We are no more a Christian nation than an Islam nation. If anything, we're a Jewish nation because Christopher Columbus had three boatloads of Jews escaping the newly-formed Inquisition in Spain and what could be more Jewish than the colonial atmosphere of commerce and community, especially in the New York colony? But we're not a Jewish nation, not a Hindu nation, not any of those. We respect all faiths in my America with partiality towards none. (We don't just accept all faiths, we really, truly respect them).

     Does that mean I get in a snit when they put the Ten Commandments in the courthouse or a nativity scene in the park during the winter solstice? Most of our citizens are Christian and having a couple of non-threatening symbols of Christianity in public places shouldn't offend anybody. Adding a Hanukkah menorah is a nice touch, but it isn't necessary to make me feel included in America.

     In the movie "Contact" they cited that 95% of the human world believes in some kind of god and that's consistent with my own observations. Bright people tend to be less devout in that area and I have to suspect that most of the brilliant minds in the 1770s and 1780s who wrote our founding documents were probably as atheistic as most of the brilliant minds I meet today.

     Evolution: I don't know where the great divide came from between religious fundamentalism and scientific exposition. Let's take evolution versus the Book of Genesis whose first word (bray-shees, written with the vowels) was so well known to us in our education. Let's suppose God created the world in seven God-sized days from the big bang to the formation of the solar system through the first ocean plants and land animals to the present day. How would you explain it to people knowing what people knew 3500 years ago? Would it look terribly different from the Book of Genesis? So those who knew what they knew then didn't do such a bad job.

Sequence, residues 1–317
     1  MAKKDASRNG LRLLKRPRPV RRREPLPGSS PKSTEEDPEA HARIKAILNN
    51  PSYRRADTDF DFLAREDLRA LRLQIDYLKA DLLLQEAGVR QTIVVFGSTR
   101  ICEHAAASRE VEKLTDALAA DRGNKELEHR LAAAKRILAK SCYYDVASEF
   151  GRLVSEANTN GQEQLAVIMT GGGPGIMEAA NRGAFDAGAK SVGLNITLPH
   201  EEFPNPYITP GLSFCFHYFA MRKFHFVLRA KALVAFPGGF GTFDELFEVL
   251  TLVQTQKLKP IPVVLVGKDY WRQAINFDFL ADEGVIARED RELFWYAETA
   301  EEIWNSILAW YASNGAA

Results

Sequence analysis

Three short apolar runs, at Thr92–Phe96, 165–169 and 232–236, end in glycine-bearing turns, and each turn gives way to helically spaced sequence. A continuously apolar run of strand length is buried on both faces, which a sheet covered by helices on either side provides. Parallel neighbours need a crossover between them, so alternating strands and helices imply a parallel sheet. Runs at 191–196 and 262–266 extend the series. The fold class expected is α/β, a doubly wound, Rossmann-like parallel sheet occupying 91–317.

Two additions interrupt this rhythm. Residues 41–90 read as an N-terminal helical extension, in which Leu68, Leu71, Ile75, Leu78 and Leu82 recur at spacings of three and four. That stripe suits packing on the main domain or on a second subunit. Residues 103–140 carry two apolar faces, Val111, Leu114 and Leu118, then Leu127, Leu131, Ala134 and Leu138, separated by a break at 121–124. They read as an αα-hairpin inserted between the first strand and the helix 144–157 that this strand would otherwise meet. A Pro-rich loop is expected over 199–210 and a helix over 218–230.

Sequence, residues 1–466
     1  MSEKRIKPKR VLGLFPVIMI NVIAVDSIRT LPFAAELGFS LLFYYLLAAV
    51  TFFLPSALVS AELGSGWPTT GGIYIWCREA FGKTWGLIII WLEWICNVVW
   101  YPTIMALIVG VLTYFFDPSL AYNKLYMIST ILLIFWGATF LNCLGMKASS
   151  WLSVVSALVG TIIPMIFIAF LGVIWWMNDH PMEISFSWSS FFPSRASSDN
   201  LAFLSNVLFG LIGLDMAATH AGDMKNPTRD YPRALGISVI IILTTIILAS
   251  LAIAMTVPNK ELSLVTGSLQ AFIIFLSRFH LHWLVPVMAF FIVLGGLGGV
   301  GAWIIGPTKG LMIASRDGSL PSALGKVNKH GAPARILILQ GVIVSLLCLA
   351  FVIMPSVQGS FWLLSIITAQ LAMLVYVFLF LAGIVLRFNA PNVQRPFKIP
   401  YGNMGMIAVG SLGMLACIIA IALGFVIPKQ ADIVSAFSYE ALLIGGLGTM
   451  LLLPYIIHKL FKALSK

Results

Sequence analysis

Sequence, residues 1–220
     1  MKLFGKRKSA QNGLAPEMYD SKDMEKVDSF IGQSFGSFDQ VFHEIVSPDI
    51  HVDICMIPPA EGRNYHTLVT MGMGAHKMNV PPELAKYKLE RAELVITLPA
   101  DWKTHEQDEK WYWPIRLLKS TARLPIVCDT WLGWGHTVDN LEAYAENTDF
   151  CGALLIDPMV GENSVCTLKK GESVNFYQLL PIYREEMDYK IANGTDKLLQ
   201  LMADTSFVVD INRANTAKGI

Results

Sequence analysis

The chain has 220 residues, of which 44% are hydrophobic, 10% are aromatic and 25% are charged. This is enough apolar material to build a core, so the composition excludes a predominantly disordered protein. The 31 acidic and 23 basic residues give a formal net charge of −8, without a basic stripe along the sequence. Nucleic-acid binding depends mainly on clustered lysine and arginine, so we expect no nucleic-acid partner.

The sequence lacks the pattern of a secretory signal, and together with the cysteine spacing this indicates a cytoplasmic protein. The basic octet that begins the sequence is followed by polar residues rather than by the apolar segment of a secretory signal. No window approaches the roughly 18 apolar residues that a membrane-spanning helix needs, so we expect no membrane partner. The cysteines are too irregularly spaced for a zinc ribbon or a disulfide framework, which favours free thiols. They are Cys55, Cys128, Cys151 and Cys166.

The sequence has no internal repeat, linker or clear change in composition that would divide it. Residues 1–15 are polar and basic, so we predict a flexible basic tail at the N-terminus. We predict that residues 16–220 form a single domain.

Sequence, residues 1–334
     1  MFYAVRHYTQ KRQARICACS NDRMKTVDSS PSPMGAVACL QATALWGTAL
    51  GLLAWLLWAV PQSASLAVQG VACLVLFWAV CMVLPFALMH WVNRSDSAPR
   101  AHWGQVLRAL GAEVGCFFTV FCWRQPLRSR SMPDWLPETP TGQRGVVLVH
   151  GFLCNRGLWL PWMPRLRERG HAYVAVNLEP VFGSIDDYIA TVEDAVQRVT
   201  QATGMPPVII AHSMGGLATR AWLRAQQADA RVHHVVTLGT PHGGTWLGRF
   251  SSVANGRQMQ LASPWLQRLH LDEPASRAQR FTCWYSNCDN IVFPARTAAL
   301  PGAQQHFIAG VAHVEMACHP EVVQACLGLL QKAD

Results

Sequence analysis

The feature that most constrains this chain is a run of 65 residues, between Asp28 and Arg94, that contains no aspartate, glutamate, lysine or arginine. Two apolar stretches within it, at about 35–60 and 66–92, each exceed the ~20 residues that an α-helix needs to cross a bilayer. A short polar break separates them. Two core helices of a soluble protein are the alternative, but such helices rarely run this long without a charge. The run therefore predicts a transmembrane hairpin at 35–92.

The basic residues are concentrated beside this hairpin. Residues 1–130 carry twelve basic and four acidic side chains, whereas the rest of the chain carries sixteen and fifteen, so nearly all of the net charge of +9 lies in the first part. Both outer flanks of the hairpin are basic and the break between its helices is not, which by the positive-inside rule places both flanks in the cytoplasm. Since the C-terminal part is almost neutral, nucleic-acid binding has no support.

Besides, I don't think Genesis was trying to give a precise, scientific account of the formation for the world as much as it was trying to show how one god (monotheism and all that) could create the world and all the joy and beauty in it.

     Why are we all looking for a fight here? We can believe in most of the things most religious people believe in without giving up any of the understanding of science. Look at it another way: Isn't our most sophisticated science a wonderful way to get the briefest peek into the eye and mind of God?